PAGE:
More noise than signal

Less Than Zero

Republished from the show notes of my other site, Fuds on Film.

I went through a bit of a Bret Easton Ellis phase in my younger days, I believe prompted by the adaptation of American Psycho, during which I caught up with the authour terribile‘s debut novel, Less Than Zero. While undeniably powerful stuff, I found it just too willfully tasteless and nihilistic to be remotely believable. Looking back on it from my current state of apathy and cynicism, all hope and idealism having been beaten out of me between the anvil of reality and the hammer of experience, I realise that it was, if anything, too forgiving of its views on the rich and arrogant.

This phase did not extend to viewing 1987’s Less Than Zero, most notable these days for containing one Robert Downey Jr. Just as well, as it’s been adapted out of all recognition to be much more palatable, which might come as a surprise to anyone that’s seen it. Morally lax or desperate as this film’s characters get, at no point does anyone mention a 12 year old sex slave. Nothing’s unfilmable, true, but some things are better off un-filmed.

The basics of the film are easy to relate, at least. Andrew McCarthy’s Clay returns from the East Coast to his Los Angeles home for Christmas, but less to see his family, more his old friends. He’d received a letter from ex-girlfriend Blair (Jami Gertz), begging him to come home to talk some sense into former bestie Julian (Robert Downey, Jr.), these two having formed a loose couple since Clay’s departure.

While he’s been away at university, Blair is now a coke-addled model, and after Julian’s business ventures failed, he’s turned to increasing volumes of drugs, estranging himself from his family and getting him in deep debt to former friend and current dealer Rip (James Spader). Despite their best efforts, Julian can’t kick the habit leading to Rip forcing Julian to work the debt off through prostitution, from which Clay tries to extract him.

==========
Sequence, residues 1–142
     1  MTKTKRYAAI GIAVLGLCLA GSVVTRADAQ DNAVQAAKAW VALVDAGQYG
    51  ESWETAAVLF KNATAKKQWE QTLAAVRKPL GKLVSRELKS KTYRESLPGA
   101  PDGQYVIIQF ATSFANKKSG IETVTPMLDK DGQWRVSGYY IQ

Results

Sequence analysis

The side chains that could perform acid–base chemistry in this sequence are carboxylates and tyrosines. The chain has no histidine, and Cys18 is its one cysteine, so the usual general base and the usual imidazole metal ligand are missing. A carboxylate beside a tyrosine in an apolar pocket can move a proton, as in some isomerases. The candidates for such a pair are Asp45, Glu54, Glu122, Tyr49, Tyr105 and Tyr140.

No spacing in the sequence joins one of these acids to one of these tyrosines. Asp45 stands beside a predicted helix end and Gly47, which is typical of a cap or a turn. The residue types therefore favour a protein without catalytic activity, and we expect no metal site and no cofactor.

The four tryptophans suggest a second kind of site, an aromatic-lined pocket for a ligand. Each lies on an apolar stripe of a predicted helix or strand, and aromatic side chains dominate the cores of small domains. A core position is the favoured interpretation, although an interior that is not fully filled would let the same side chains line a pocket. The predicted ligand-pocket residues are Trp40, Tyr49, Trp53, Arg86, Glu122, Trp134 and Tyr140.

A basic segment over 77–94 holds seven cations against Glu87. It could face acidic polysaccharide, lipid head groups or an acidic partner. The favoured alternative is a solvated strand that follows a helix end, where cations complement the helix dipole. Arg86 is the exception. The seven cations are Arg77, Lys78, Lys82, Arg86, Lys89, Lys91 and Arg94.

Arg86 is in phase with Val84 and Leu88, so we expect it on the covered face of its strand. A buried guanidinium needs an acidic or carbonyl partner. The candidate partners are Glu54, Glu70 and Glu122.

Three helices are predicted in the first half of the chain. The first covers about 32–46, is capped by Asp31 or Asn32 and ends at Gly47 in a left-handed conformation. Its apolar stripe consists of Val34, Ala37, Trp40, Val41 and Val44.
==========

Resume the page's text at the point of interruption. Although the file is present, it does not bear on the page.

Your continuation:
Along the way, Clay and Blair re-kindle their relationship as they tour the myriad bars and clubs of the eighties scene looking for Julian, filled with the rich and famous pursuing ludicrous hedonism, entirely detached from society.

I suppose, despite all the changes, Less Than Zero captures the essential spirit of the novel, in as much as it’s full of horrible characters being horrible to each other.

As for the changes, the softer treatment for the protagonist, along with the love triangle angle never feels particularly convincing, and the token attempt at pointing out that “drugs are bad, mmkay” could never come across as anything more than hamfistedly over the top.

The main reason this falls flat stems from Andrew McCarthy and Jami Gertz, both of who you don’t see much of these days because they are awful at this whole “acting” thing. Downey, at least, has the charisma to provoke some interest in his plight, although at this stage of his career it’s not married to the talent and experience he developed in later years, so it’s still hard to call it a “good” performance from him. James Spader is as James Spader does, which is badly.

Perhaps the biggest turn off is the film’s boring moralising, particularly when you’re not on board with it. It treats taking drugs and promiscuity as inherently, obviously morally indefensible, and that does not sit well with me. If you’re not harming anyone, I don’t see why I should be harshing your mellow. For this film, the cause and the effect are inseparable, at which point it’s just an elaborately shot PSA film.

There’s some interest to be had here, I guess, mainly from knowing how the Brat Pack collapsed under the same strains as the characters do here, and in general as a capsule of ludicrous eighties excess, documenting abuses of both substances and fashions.

Not all that much interest, though, and the narrative and characters of the film do not hold up their end of the bargain. In terms of showing another grim side of Los Angeles, as is this podcast episode’s mandate, it’s a success, but that’s the only level on which that term could be applied. Not worth excavating from the vaults.